Date of Award
Master of Science
Plant, Soil and Environmental Sciences
Jeffrey D. Wolt
Gary M. Lessman, Randall J. Miles
The effects of sulfur (S) fertilization and atmospheric S inputs upon extractable soil S and corn yield and S concentration were investigated in nine location-years of experimentation conducted from 1980-82 at three locations within Tennessee: Ames Plantation, Grant Junction; The Tobacco Experiment Station, Greeneville; and the Plant Science Field Laboratory, Knoxville. At each location S (as K2SO4) was applied at rates of 0, 17, and 34 kg*ha-1 in a replicated, randomized complete block design. The influence of S fertilization, years, and locations on grain yield, nutrient concentration of both leaf and grain samples, and soil extractable S and pH was evaluated for the data combined across years with locations nested within years. Additionally, wet/dry deposition of atmospheric S was monitored at each location throughout the study. The analysis of data indicated that yield and S concentration of leaf and grain tissue was uninfluenced by S fertilization, sug-gesting that S was not limiting for corn yield in this experiment. Additionally, S fertilization and years had no ffect on extractable soil S while locations within years significantly ffected this value. The soil at Knoxville was considerably lower in extractable S than soils at either Grand Junction or Greeneville and therefore had a greater potential for S deficiency during the course of this study. An average of 16 kg*ha-1yr-1 of S was contributed to these cropping systems via wet/dry deposition. It is likely that atmospheric input may be compensating for the S removed as harvested grain and lost by leaching, thus preventing a corn response to S fertilization at these locations.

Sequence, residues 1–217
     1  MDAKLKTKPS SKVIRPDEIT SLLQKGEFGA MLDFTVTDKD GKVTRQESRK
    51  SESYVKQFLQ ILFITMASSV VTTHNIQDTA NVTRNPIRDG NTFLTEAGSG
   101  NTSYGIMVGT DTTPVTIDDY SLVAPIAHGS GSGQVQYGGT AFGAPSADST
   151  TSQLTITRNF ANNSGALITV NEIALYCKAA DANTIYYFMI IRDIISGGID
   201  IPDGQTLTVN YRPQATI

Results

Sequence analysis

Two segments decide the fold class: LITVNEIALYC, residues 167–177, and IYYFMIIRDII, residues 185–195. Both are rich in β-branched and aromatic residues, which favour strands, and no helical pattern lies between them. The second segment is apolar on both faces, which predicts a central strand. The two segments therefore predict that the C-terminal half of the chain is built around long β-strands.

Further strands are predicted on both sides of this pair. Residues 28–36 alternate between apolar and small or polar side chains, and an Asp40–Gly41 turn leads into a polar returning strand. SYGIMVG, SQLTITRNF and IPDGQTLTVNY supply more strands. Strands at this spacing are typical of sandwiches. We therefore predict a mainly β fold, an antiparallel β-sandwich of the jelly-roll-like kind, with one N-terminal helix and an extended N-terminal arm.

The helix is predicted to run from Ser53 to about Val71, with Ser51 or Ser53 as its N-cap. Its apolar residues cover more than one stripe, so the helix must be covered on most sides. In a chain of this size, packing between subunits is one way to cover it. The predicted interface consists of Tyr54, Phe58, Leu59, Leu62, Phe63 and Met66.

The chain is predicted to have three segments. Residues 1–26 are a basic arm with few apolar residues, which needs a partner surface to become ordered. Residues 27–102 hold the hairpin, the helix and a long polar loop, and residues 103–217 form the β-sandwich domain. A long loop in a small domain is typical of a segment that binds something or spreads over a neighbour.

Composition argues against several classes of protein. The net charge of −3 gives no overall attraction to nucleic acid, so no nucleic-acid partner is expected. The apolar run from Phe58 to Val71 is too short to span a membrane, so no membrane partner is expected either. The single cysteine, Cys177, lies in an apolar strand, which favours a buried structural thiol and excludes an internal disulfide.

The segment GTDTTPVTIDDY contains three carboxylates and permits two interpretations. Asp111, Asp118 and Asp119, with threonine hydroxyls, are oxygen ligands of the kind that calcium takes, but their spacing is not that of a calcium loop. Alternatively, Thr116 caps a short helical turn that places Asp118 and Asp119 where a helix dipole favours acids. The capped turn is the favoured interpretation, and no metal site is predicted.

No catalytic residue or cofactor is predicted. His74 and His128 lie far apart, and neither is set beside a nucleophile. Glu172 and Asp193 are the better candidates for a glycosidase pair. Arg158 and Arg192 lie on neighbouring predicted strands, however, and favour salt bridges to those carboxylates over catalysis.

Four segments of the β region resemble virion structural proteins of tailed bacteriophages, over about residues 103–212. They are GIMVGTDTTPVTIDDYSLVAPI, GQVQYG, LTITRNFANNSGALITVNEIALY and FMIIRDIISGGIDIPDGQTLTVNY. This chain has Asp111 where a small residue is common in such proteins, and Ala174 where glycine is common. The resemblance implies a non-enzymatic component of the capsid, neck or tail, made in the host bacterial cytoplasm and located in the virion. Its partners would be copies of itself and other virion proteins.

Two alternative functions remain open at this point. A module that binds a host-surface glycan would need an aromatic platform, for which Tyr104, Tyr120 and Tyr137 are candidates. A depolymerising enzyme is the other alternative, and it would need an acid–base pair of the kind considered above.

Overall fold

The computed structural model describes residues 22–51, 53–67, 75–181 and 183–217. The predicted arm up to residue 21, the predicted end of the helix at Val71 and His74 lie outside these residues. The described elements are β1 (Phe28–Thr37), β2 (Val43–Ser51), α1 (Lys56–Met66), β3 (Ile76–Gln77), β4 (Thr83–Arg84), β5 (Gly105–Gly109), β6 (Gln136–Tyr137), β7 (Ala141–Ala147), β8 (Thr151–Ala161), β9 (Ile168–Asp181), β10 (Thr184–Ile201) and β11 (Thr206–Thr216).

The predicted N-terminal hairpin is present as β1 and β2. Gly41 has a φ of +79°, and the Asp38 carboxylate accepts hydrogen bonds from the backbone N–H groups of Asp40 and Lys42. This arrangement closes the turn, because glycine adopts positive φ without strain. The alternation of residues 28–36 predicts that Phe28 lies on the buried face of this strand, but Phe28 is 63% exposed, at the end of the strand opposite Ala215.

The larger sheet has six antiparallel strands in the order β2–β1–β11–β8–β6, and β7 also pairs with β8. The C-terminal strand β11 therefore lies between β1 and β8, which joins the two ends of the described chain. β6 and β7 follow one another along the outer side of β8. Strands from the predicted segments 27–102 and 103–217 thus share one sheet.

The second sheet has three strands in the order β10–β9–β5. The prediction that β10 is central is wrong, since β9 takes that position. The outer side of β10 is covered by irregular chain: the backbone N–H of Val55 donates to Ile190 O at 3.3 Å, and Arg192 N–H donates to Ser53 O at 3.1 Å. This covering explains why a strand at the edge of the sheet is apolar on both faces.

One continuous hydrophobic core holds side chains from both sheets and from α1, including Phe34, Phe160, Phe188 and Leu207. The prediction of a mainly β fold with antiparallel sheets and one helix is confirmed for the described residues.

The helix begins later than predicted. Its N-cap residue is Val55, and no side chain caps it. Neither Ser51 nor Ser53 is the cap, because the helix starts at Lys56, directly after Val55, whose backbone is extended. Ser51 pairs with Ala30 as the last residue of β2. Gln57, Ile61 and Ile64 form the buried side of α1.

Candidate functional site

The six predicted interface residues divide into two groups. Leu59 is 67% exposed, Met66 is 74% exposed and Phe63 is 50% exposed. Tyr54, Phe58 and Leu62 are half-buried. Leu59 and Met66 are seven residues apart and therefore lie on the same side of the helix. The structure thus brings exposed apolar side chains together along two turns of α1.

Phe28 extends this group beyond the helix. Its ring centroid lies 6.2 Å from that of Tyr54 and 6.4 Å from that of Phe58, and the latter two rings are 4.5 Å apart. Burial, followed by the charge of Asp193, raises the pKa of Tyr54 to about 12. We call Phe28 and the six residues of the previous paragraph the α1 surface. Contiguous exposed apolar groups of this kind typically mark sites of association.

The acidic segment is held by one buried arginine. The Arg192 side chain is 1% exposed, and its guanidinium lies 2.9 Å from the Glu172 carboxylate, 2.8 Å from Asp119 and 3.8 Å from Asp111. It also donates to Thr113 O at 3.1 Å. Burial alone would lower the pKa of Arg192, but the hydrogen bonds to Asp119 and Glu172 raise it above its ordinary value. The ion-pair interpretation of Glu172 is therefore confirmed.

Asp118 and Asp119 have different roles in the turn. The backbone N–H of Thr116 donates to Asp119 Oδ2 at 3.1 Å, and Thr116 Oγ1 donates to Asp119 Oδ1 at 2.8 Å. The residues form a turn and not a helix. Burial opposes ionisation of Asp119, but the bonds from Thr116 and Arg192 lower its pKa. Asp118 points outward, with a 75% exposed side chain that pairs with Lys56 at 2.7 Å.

Bauman, Michael Briggs, "Corn yield and quality as related to sulfur accretion on Tennessee soils. " Master's Thesis, University of Tennessee, 1983.